YOU HAVE to be SOOOOO careful with these Latin American dictators. That applies even if they’re 89 years old, sickly, and out of effective power for eight years.
General Augusto Pinochet has been freshly investigated in The New York Times‘ business pages, just as he faces charges of kidnapping and murder during his time as Chile’s head of state.
New details about the general’s personal fortune are emerging from the U.S. Senate’s probe into suspected money-laundering by his bankers, the super-secretive Riggs Bank of Washington. The first Times article was assertively headlined “U.S. and others gave millions to Pinochet.”·
That surely fits with what we know of Pinochet’s road to power. His rise actually began with a 1970 meeting in Richard Nixon‘s White House, held just after Chile had democratically elected a Marxist president, Salvador Allende.
National Security Adviser (later Secretary of State) Henry Kissinger declared “I don’t see why we need to stand by and watch a country go Communist due to the irresponsibility of its own people”.
Fateful words … setting in motion the bloody CIA-backed coup of 1973 that handed Chile’s presidency to Pinochet.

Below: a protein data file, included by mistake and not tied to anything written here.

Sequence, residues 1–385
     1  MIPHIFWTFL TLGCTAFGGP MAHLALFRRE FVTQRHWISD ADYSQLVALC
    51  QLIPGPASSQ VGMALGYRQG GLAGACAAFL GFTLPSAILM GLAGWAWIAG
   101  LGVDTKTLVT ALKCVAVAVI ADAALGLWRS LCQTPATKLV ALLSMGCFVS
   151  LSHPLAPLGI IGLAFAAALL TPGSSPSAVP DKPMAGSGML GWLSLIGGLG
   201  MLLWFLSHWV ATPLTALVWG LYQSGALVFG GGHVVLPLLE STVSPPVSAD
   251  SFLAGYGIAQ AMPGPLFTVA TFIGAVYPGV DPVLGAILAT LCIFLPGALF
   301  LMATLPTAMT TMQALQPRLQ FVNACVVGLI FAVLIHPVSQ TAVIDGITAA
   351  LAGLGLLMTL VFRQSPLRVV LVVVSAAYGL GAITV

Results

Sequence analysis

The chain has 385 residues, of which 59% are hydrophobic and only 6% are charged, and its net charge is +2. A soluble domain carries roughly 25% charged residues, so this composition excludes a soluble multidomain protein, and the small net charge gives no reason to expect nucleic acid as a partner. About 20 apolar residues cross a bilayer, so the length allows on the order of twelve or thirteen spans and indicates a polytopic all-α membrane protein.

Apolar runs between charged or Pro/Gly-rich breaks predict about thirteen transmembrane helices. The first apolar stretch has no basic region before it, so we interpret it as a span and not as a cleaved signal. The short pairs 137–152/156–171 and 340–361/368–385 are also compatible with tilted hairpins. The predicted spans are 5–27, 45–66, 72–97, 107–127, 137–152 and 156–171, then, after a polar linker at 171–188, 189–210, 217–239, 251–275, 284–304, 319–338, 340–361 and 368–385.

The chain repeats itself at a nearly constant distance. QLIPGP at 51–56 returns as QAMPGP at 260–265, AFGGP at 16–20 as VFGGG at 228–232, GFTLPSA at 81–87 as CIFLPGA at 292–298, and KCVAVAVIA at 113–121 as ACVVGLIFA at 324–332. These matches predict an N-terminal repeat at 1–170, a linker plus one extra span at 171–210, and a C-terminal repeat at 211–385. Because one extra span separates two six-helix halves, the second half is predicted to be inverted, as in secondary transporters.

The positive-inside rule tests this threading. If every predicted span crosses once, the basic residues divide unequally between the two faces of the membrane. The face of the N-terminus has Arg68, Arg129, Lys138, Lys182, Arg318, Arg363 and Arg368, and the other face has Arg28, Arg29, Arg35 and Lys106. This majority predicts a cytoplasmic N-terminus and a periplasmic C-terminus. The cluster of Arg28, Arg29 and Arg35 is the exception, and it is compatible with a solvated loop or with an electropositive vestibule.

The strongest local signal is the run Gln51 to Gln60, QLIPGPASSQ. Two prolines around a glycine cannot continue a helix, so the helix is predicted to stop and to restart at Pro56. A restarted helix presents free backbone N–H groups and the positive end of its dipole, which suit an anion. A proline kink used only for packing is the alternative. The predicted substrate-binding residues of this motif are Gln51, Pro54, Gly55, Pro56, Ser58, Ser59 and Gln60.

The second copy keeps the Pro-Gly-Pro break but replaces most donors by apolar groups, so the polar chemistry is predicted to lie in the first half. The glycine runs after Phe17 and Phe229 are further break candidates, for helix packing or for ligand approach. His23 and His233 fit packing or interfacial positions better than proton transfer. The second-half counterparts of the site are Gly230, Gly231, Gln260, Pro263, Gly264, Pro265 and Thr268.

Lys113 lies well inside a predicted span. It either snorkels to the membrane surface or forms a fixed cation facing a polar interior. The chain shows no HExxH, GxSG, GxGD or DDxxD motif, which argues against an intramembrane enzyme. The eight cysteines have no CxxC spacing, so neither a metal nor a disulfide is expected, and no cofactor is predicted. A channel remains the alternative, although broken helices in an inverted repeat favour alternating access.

But just follow the money for a moment as well as Kissinger’s policy. Were US government funds – our tax dollars – used to reward Pinochet for his coup and his subsequent equally vicious period of rule? The Times seems to have believed as much.
However, a South American newspaper phoned The Times last week to follow up on the suggestion that Pinochet received $3 million from the U.S. government in 1976. That year, a left-leaning Chilean former diplomat was killed in Washington, part of the trans-national assassinations conspiracy among intelligence services known as “Operation Condor.”
This outside journalist’ s inquiry, I’m told, made Times editors think again. They decided they couldn’t financially finger the CIA or any other US agency until there is ironclad proof. A discreet Editors’ Note was later published: “The article should have allowed for the possibility that some payments may have come from non-governmental sources.”
Such caution is wise. Pinochet’s international band of apologists always stands ready to defend him. Four years ago, his 17-month house arrest in Britain, ended when his lawyers eventually managed to beat a crimes-against-humanity extradition warrant from Spain, flushed out an intriguing collection of powerful backers.
Margaret Thatcher was the most notable, but the now-derided media mogul Conrad Black of Canada also praised Pinochet on the grounds that, unlike strong-men such as Mao Tse-Tung and Joseph Stalin, he did “democratize and retire.”
THURSDAY, DECEMBER 16, 2004